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Audiometry

URL of this page: http://www.nlm.nih.gov/medlineplus/ency/article/003341.htm

An audiometry exam tests your ability to hear sounds. Sounds vary based on their loudness
(intensity) and the speed of sound wave vibrations (tone).

Hearing occurs when sound waves stimulates the nerves of the inner ear. Eventually the
sound travels along nerve pathways to the brain.

Sound waves can travel to the inner ear through the ear canal, eardrum, and bones of the
middle ear (air conduction), or through the bones around and behind the ear (bone
conduction).

The INTENSITY of sound is measured in decibels (dB):

• A whisper is about 20 dB
• Loud music (some concerts) is around 80 - 120 dB
• A jet engine is about 140 - 180 dB

Sounds greater than 85 dB can cause hearing loss after a few hours. Louder sounds can cause
immediate pain, and hearing loss can develop in a very short time.

The TONE of sound is measured in cycles per second (cps) or Hertz:

• Low bass tones range around 50 - 60 Hz


• Shrill, high-pitched tones range around 10,000 Hz or higher

The normal range of human hearing is about 20 Hz - 20,000 Hz. Some animals can hear up to
50,000 Hz. Human speech is usually 500 - 3,000 Hz.

How the Test is Performed


The first steps are to see whether you need an audiogram. The specific procedures may vary,
but they generally involve blocking one ear at a time and checking your ability to hear
whispers, spoken words, or the sound of a ticking watch.

A tuning fork may be used. The tuning fork is tapped and held in the air on each side of the
head to test the ability to hear by air conduction. It is tapped and placed against the mastoid
bone behind each ear to test bone conduction.

Audiometry provides a more precise measurement of hearing. To test air conduction, you
wear earphones attached to the audiometer. Pure tones of controlled intensity are delivered to
one ear at a time. You are asked to raise a hand, press a button, or otherwise indicate when
you hear a sound.
The minimum intensity (volume) required to hear each tone is graphed. An attachment called
a bone oscillator is placed against the bone behind each ear (mastoid bone) to test bone
conduction.

How to Prepare for the Test


No special preparation is needed.

How the Test Will Feel


There is no discomfort. The length of time varies. An initial screening may take about 5 to 10
minutes. Detailed audiometry may take about 1 hour.

Why the Test is Performed


This test can detect hearing loss at an early stage. It may also be used when you have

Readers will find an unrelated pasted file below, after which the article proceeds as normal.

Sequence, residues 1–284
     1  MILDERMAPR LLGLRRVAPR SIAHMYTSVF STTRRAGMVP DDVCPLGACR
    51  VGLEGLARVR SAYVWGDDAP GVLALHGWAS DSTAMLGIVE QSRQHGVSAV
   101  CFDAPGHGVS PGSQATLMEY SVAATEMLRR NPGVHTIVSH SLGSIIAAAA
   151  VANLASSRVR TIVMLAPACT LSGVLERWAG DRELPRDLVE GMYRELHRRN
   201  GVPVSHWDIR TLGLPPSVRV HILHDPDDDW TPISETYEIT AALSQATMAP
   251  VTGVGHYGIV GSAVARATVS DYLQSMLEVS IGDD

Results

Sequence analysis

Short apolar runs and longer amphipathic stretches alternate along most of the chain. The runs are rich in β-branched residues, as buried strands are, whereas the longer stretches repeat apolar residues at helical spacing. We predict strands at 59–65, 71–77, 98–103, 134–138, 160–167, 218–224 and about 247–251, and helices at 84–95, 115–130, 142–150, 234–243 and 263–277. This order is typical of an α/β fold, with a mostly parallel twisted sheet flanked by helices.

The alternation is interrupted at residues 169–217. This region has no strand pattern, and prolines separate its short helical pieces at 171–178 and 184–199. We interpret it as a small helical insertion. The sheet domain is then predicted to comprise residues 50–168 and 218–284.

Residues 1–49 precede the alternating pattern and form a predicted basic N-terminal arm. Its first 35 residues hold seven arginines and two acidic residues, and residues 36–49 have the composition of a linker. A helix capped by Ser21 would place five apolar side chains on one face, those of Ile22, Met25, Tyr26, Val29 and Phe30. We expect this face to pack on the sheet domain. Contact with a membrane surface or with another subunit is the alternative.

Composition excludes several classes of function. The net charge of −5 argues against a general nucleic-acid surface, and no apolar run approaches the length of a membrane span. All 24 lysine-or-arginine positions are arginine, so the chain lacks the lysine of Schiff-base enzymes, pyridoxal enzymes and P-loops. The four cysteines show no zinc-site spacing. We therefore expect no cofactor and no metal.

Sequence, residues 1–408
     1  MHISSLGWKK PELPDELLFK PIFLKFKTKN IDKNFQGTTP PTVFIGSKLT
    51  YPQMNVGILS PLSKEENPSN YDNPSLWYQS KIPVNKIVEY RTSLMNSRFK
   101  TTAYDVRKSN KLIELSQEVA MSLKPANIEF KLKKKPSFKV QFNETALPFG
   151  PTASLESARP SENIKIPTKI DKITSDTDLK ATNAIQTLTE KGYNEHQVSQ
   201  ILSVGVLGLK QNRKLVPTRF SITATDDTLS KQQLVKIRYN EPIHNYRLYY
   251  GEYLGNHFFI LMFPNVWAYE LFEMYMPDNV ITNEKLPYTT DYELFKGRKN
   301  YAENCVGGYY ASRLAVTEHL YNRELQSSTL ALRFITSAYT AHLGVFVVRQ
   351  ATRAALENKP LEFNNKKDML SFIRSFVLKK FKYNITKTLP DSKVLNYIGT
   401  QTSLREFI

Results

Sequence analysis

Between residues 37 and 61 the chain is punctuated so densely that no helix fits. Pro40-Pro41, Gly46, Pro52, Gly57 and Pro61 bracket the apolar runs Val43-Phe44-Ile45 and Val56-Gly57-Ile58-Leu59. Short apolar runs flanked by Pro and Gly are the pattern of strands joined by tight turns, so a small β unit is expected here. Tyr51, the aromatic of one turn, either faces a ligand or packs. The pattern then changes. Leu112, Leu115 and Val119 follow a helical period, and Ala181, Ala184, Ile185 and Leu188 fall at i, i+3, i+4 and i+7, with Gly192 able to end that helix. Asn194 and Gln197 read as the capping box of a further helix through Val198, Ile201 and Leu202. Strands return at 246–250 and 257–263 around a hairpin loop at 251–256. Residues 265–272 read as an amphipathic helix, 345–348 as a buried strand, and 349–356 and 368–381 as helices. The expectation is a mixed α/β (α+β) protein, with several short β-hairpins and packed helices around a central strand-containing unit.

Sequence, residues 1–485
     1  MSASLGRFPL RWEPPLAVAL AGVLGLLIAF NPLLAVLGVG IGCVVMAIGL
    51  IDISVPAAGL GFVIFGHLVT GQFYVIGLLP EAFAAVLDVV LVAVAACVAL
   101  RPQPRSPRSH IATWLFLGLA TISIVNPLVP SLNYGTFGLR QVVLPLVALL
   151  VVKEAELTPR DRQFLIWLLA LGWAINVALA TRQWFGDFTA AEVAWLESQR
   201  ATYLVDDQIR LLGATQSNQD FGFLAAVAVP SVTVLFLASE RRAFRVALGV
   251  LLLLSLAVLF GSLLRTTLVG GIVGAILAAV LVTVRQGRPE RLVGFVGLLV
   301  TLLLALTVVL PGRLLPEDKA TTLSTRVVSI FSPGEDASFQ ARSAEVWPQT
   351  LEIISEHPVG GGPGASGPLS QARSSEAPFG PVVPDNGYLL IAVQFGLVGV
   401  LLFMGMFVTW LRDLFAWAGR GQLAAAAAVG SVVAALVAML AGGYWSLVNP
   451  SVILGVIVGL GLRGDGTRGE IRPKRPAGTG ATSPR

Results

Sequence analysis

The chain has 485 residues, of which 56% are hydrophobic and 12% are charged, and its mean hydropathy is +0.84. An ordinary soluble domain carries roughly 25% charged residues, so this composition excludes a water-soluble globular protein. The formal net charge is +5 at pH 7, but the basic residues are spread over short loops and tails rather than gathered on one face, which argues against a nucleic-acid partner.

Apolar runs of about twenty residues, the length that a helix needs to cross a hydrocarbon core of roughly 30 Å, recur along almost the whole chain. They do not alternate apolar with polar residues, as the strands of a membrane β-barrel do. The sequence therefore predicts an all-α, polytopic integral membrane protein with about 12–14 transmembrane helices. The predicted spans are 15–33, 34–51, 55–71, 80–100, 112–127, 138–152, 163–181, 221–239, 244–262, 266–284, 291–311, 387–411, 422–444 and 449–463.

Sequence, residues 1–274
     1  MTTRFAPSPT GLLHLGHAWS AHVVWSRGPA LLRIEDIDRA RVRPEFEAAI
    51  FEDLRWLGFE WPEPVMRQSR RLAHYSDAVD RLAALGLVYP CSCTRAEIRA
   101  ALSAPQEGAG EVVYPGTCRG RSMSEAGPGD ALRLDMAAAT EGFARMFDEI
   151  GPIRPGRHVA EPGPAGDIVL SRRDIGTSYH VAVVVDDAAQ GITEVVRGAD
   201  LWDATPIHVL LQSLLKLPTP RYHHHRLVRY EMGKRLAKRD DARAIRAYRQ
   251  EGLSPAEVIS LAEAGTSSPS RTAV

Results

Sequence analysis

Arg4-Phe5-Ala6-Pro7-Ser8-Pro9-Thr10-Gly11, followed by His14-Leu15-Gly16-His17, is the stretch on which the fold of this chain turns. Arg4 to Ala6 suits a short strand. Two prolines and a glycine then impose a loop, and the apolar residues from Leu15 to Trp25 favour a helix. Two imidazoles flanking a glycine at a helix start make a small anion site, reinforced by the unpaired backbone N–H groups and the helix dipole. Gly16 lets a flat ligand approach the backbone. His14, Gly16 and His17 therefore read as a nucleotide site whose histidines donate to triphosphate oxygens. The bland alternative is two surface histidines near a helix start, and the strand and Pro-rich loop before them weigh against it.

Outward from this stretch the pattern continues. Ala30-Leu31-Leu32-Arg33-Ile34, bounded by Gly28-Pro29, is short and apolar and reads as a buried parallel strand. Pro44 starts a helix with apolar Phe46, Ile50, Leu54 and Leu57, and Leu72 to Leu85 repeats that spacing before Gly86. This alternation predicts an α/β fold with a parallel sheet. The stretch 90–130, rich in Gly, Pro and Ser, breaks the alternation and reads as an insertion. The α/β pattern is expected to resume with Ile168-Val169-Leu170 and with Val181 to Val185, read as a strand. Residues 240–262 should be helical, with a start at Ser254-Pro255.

difficulty hearing from any cause.

Common causes of hearing loss include:

• Acoustic trauma
• Chronic ear infections
• Diseases of the inner ear
• Head injury
• Inherited conditions
• Medications that can harm the inner ear, including certain antibiotics (such as
neomycin or gentamycin), diuretics, and large doses of salicylates (such as aspirin)
• Occupational hearing loss
• Ruptured eardrum

Normal Results
• The ability to hear a whisper, normal speech, and a ticking watch is normal.
• The ability to hear a tuning fork through air and bone is normal.
• In detailed audiometry, hearing is normal if you can hear tones from 250 Hz - 8,000
Hz at 25 dB or lower.

What Abnormal Results Mean


There are many different kinds and degrees of hearing loss. In some types, you only lose the
ability to hear high or low tones, or you lose only air or bone conduction. The inability to
hear pure tones below 25 dB indicates some hearing loss.

The amount and type of hearing loss may give clues to the cause and outlook.

The following conditions may affect test results:


• Acoustic neuroma
• Acoustic trauma
• Age-related hearing loss
• Alport syndrome
• Labyrinthitis
• Meniere's disease
• Occupational hearing loss
• Otosclerosis
• Ruptured or perforated eardrum

Risks
There is no risk.

Considerations
There are many different hearing function tests. In simple screenings, the health care provider
will make a loud noise and watch to see if it startles you. Detailed screenings include
brainstem auditory evoked response testing (BAER). This test uses an electroencephalogram
to detect brain wave activity when sounds are made.

Another hearing test called otoacoustic emission testing (OAE) can be used in very young
children (such as newborns) or when standard tests do not produce reliable results.

Alternative Names
Audiometry; Hearing test; Audiography (audiogram)